The Wall Street Journal has a depressing piece about recent examples of unethical and fraudulent conduct in the world of science, including, naturally, the latest global warming flap resulting from the UN mistakenly warning that the Himalayan ice caps were melting away, and would be gone by 2035. This story, coming on the heels of the East Anglia email revelations, has added to justifiable public confusion over climate change, how fast it is happening, how well it is understood, and why governments are so eager to throw billions at a “solution” when there seems to be so much uncertainty.
This issue appears to be the confirmation bias ( the well-established human tendency to readily accept that which supports what one already believes, and to be skeptical of that which contradicts the belief. Or, as Juror 10 puts it in Reginald Rose’s “Twelve Angry Men” : “What you want to believe, you believe, and what you you don’t want to believe, you don’t! What kind of a way is that?”) episode of this or any other century. For example, the 2007 report by the Intergovernmental Panel on Climate Change (IPCC) that contained the erroneous warning was instrumental in winning the group a Nobel Peace Prize. That award has been cited to support the group’s credibility on the climate change issue. One of the scientists involved in the report now says that he knew the glacier claim was dubious, and that the report was released without sufficient peer review to put pressure on world governments to move more quickly to establish CO2 controls. This might explain the Peace Prize, no? Perhaps the Nobel Committee didn’t care about the accuracy of the data, and were saluting the scientists for utilitarian deception in the interest of environment and humanity. Unfortunately, when one considers other Peace Prizes awarded in recent years, this interpretation is not as far-fetched as it should be.
The matter was further muddled by an apparent conflict of interest by the IPCC’s chairman, Dr. Rajendra Pachauri , who used the mistaken report to raise funds for his research. Not surprisingly, most of the climate change scientists say the unfortunate incident doesn’t alter the absolute certainty of their research. Also unsurprisingly, climate change skeptics say that the mistake is one more bit of proof that the whole global warming issue is a conspiracy by third-world countries and radical environmentalists to destroy the U.S. economy. A ray of hope: one scientist admits that global warming research is “full of uncertainties,” which is obviously true. But not if you have your mind made up already because your job depends on it. In a piece today on the Huffington Post, Sierra Club Executive Director Carl Pope acknowledges the Himalayan ice cap botch. “Regardless,” he says, there are photos that show to his satisfaction that the ice there is melting.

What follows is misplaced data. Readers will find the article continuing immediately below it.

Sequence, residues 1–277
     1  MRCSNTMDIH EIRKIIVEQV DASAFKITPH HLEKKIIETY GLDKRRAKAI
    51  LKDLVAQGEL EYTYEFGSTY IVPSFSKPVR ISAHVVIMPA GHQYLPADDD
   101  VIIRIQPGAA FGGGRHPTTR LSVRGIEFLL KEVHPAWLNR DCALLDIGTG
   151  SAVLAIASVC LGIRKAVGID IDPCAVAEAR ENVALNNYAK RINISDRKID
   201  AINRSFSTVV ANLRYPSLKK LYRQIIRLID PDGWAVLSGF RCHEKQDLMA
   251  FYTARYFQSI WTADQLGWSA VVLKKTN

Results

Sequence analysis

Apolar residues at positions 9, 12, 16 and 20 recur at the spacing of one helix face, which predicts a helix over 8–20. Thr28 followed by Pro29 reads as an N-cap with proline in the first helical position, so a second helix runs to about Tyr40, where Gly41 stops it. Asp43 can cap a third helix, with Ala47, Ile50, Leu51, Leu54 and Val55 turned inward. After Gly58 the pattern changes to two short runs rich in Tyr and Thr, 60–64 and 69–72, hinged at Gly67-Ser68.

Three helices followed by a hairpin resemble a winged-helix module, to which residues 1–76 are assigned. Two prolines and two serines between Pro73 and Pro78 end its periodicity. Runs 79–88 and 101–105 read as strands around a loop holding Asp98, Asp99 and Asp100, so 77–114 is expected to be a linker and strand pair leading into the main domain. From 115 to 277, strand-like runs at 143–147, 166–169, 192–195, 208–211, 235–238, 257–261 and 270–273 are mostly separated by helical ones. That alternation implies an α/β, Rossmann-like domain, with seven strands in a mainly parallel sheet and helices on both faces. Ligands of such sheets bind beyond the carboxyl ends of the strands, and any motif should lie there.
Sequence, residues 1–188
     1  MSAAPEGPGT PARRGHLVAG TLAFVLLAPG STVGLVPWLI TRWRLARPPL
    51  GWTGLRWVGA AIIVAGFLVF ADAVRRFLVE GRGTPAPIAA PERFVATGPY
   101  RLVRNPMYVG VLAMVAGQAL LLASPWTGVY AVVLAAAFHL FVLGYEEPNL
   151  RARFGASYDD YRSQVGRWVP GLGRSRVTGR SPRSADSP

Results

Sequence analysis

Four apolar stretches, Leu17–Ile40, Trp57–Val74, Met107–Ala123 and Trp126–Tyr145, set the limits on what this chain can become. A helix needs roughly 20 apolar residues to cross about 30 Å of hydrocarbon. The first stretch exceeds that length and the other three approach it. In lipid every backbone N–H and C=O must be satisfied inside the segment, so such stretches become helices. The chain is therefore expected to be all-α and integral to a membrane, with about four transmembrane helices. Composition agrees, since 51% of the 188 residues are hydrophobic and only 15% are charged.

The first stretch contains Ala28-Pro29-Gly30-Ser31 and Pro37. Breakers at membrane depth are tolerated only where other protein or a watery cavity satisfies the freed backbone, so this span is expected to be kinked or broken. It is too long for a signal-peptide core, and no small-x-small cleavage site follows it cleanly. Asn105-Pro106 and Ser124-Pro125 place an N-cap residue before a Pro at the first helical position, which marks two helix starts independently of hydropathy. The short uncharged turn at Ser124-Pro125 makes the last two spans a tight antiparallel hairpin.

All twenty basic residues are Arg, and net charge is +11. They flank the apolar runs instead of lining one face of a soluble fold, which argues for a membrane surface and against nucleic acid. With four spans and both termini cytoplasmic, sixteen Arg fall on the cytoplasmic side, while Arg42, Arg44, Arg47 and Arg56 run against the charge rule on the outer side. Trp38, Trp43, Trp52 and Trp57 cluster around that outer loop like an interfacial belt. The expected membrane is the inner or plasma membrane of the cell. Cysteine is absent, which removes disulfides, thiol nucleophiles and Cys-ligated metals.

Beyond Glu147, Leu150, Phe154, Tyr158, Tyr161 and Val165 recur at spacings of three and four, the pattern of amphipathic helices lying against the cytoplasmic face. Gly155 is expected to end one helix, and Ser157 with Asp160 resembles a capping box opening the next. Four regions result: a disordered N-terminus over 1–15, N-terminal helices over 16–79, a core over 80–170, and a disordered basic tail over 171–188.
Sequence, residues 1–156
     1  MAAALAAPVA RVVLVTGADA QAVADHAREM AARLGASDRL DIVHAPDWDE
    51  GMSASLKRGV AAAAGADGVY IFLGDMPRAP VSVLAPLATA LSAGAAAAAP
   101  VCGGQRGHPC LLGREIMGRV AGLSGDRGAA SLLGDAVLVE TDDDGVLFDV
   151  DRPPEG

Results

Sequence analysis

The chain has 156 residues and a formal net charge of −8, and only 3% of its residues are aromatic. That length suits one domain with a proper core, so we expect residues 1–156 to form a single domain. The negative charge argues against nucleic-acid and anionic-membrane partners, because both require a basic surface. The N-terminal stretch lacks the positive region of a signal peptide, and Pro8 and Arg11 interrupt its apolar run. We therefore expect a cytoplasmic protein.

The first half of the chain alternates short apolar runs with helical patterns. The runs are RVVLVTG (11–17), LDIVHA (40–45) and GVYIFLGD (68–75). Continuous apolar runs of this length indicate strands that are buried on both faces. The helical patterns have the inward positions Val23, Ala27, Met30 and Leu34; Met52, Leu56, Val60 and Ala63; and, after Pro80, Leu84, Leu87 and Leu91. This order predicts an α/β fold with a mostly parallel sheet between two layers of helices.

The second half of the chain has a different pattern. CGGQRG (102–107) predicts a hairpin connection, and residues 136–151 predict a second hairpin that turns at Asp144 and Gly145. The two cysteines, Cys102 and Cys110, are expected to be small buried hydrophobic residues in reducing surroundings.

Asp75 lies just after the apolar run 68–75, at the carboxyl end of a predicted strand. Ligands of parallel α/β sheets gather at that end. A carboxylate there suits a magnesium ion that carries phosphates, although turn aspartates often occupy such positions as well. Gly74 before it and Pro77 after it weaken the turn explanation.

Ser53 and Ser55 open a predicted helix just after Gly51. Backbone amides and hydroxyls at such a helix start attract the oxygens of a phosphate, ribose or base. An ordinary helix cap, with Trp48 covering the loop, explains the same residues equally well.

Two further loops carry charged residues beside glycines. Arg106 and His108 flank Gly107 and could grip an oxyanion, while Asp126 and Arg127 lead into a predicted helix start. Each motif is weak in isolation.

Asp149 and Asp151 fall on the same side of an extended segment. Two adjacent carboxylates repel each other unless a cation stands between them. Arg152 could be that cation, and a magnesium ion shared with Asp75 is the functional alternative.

I guess that settles it, then.
For rational people who have not made up their minds, and refuse to either blindly and enthusiastically accept scientific conclusions that they really don’t understand (See: Al Gore) or to reject scientific evidence because they don’t like its implications (I’m talking to you, Senator Inhof), it is unreasonable to trust scientific projections regarding something as complex and difficult to measure as global temperatures unless one can trust the scientists doing the research. The current argument by those scientists, a refrain both arrogant and defensive—-“yes, we have undermined scientific papers that disagreed with our consensus, and yes, a plain English reading of some of our emails would suggest we were hiding data, and yes, some highly publicized projections on matters like storm frequency and ice cap melts have proven completely wrong, and yes, there is some evidence that the Earth is taking a break from warming, which we really didn’t see coming, but listen: there is no question that we are 100% right, and anyone who says otherwise is the equivalent of a Holocaust denier!”—is untenable.
We should not trust the science if we can’t trust the scientists, and so far, they have not been trustworthy.